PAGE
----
How to build a smart strategy for the long termContributor Michael Feser
Volatile markets can be distracting; the latest statistical release, report on China or reading of the Federal Reserve tea leaves can cause the markets to fluctuate—and send investors scurrying for cover or to seize perceived opportunity. Staying on top of market developments is important, but having a long-term, cohesive view of the global economy and markets is essential for reaching ultimate investment objectives. A comprehensive 10-to-15-year perspective can help investors build resilient portfolios and remain focused on their long-term goals, whether that is a secure retirement, a child’s education, a new home or other targeted outcomes.
For two decades, investors and their advisors have relied on J.P. Morgan Asset Management’s Long-Term Capital Market Assumptions (LTCMAs) when defining and analyzing strategic portfolio allocations and to gain a realistic view of what the markets are likely to deliver over the long term.
A globally divergent macro outlook
The backdrop for this year’s Assumptions is an environment characterized by steady inflation, subdued long-term growth and diverging regional dynamics. Long-term growth in developed markets will be tempered by the adverse impact of an aging population while short-term growth prospects in emerging markets will be dampened by the need for financial deleveraging, slow developed market growth and more modest commodity prices. Monetary policies are also expected to diverge as the Federal Reserve’s policy-setting committee begins to raise interest rates while Japanese and euro area policymakers are likely to ease even further before considering steps toward interest normalization.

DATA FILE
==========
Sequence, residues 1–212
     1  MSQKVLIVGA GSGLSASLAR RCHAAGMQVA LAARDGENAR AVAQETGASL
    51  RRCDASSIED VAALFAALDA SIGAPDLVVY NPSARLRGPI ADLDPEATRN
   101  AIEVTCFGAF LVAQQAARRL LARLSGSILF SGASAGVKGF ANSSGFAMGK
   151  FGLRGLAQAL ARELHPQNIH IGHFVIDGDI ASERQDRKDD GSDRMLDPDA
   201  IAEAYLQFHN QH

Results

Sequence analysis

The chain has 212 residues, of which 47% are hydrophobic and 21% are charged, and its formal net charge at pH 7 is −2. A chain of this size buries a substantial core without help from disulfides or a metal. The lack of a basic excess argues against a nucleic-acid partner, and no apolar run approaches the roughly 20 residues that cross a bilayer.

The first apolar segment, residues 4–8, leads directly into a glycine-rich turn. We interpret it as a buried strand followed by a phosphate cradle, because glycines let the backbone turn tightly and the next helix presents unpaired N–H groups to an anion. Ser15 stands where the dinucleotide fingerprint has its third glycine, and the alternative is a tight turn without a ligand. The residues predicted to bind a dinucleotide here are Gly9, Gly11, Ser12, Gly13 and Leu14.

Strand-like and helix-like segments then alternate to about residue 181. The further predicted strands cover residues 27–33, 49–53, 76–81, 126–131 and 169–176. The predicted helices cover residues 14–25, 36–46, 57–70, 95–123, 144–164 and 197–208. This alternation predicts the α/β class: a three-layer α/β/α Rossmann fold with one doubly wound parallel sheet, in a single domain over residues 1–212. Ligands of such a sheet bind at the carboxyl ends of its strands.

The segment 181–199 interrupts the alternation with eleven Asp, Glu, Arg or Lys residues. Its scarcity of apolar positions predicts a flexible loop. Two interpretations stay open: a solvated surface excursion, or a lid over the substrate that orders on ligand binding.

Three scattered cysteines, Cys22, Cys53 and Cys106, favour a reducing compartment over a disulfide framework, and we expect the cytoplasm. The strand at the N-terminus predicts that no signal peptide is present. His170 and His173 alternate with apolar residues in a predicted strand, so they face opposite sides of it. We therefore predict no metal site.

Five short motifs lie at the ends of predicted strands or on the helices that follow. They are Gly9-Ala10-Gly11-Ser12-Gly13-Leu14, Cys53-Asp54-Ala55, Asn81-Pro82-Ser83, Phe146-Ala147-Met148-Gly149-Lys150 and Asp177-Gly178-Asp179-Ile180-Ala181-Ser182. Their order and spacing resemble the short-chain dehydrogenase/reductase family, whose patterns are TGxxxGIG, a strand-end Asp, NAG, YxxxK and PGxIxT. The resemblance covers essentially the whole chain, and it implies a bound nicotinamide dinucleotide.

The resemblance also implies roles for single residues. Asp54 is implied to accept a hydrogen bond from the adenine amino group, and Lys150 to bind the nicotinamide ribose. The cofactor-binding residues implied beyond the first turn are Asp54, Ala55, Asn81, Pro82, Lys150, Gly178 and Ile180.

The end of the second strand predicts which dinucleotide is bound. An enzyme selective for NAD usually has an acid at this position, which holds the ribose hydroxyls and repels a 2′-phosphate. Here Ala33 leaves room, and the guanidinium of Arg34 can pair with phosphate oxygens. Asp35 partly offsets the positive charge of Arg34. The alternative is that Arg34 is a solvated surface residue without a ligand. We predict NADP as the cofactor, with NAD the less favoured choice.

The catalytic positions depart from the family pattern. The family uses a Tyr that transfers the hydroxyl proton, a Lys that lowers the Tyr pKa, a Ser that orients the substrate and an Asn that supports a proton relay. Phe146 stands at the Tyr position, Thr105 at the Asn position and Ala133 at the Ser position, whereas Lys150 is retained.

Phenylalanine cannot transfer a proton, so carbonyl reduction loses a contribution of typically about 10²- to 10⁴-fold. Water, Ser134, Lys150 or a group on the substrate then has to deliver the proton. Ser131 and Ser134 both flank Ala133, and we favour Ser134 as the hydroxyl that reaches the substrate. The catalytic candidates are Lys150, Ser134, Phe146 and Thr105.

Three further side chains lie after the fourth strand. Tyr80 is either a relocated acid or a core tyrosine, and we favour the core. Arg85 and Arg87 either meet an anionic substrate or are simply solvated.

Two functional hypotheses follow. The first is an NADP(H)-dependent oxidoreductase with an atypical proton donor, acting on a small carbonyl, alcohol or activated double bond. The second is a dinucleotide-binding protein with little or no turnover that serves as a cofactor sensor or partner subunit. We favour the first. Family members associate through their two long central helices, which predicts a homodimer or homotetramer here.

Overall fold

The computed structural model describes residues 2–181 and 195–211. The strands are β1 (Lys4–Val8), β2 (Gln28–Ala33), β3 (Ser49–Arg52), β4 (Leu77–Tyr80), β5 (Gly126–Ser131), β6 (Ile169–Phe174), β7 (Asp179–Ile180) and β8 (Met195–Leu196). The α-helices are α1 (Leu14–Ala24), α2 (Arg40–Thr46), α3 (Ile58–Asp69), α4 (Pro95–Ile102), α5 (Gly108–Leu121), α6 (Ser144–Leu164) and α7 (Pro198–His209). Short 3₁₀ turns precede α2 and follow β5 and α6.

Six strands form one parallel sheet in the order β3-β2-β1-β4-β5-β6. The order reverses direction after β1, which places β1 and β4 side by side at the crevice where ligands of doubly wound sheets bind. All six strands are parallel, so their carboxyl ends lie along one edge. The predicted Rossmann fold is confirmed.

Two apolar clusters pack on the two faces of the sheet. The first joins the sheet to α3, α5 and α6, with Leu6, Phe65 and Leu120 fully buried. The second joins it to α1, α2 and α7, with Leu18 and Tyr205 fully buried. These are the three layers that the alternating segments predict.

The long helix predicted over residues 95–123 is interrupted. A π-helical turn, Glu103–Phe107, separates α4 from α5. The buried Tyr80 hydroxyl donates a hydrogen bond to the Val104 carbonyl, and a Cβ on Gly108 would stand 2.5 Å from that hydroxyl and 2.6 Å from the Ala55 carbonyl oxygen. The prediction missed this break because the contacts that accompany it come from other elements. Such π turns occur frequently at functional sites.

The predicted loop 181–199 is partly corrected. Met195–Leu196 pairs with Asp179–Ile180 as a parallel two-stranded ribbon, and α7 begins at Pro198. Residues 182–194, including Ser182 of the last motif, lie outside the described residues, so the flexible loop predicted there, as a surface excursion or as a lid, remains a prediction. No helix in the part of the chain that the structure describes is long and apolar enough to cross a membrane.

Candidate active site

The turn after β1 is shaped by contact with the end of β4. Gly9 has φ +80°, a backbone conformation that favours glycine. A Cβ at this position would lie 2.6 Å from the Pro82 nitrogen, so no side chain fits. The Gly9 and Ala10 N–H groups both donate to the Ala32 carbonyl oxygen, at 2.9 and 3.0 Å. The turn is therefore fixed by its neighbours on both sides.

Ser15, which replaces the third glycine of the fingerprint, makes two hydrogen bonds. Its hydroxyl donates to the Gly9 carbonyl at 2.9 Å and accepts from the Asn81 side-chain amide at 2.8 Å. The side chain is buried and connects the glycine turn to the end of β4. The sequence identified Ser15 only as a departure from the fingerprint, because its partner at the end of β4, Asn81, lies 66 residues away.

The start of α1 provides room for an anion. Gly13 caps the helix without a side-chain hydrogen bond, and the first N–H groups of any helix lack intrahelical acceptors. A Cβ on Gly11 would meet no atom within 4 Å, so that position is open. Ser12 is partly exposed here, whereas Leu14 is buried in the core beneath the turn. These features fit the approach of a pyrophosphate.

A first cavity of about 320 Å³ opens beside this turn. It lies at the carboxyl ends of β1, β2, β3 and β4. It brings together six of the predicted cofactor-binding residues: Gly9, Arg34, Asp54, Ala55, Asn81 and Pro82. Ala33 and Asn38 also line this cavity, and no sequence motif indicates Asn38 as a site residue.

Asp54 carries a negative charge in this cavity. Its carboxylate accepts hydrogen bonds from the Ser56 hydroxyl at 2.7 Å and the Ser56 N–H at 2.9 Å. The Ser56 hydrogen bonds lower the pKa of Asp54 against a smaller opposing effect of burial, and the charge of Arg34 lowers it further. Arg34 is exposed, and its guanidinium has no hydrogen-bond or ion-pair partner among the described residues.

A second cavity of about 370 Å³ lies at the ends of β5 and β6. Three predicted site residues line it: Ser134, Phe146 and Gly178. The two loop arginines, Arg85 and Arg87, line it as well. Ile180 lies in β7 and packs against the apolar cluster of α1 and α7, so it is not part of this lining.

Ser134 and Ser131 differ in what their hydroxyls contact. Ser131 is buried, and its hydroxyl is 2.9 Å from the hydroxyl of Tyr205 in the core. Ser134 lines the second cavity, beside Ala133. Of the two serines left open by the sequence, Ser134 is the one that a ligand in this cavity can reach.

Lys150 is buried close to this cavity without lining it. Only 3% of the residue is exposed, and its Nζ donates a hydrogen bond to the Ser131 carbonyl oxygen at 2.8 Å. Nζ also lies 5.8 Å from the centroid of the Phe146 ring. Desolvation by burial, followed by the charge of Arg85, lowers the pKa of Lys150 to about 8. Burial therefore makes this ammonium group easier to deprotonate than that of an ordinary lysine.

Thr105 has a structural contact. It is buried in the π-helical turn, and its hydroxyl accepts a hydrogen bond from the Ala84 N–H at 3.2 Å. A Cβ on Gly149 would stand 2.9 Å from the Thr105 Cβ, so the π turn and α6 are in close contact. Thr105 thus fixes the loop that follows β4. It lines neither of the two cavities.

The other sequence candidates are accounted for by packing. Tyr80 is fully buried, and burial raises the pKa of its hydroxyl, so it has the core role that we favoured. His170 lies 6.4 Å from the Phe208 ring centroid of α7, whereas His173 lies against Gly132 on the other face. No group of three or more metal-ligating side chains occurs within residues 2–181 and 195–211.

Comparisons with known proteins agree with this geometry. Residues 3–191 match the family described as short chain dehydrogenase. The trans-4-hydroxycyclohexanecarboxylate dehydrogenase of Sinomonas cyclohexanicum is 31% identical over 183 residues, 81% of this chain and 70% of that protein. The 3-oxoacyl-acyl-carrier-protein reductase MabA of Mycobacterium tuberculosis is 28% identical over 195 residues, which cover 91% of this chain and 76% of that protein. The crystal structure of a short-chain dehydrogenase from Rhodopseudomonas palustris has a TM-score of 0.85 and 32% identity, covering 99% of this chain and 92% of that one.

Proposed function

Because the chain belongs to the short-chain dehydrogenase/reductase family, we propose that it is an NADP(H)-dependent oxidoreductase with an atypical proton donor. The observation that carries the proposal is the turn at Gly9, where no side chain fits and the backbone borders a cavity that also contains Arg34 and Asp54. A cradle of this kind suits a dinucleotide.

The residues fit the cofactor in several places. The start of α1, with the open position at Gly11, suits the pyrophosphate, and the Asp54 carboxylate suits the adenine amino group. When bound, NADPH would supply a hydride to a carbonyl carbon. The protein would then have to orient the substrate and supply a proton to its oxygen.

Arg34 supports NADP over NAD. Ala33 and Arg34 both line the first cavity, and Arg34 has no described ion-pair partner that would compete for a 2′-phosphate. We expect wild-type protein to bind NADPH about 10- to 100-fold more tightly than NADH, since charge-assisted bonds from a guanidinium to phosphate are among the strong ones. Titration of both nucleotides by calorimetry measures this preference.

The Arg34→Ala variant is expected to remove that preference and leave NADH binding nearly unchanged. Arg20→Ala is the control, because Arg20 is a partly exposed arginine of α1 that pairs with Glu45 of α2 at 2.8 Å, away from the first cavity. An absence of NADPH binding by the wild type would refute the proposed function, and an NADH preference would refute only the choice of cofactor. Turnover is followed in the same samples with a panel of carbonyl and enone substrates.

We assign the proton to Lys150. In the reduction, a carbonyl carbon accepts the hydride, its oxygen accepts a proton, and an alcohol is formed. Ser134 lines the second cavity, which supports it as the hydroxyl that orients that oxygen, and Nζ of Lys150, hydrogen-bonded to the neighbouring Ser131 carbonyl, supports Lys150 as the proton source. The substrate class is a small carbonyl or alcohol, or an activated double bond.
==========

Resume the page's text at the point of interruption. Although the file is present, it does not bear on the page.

A cohesive multi-asset class perspective
Those foundational assumptions, along with the best thinking of our global network of asset class specialists, are carried through a building block approach we use to formulate our estimates at the asset class level—now encompassing returns, volatilities and correlations for over 50 asset classes.
Traditional market returns over the next 10 to 15 years will remain generally below historical long-term averages. Exhibits 1A-1B illustrate this point for U.S. markets. Investors should ensure that they are saving enough to reach their long-term goals, given realistic return expectations.
OVERALL, TRADITIONAL MARKET EXPECTED RETURNS ARE NOT INSPIRATIONAL, RELATIVE TO THE PAST.
Although the U.S. business cycle is in its sixth year of expansion, many individual investors are still reluctant to invest in the stock market.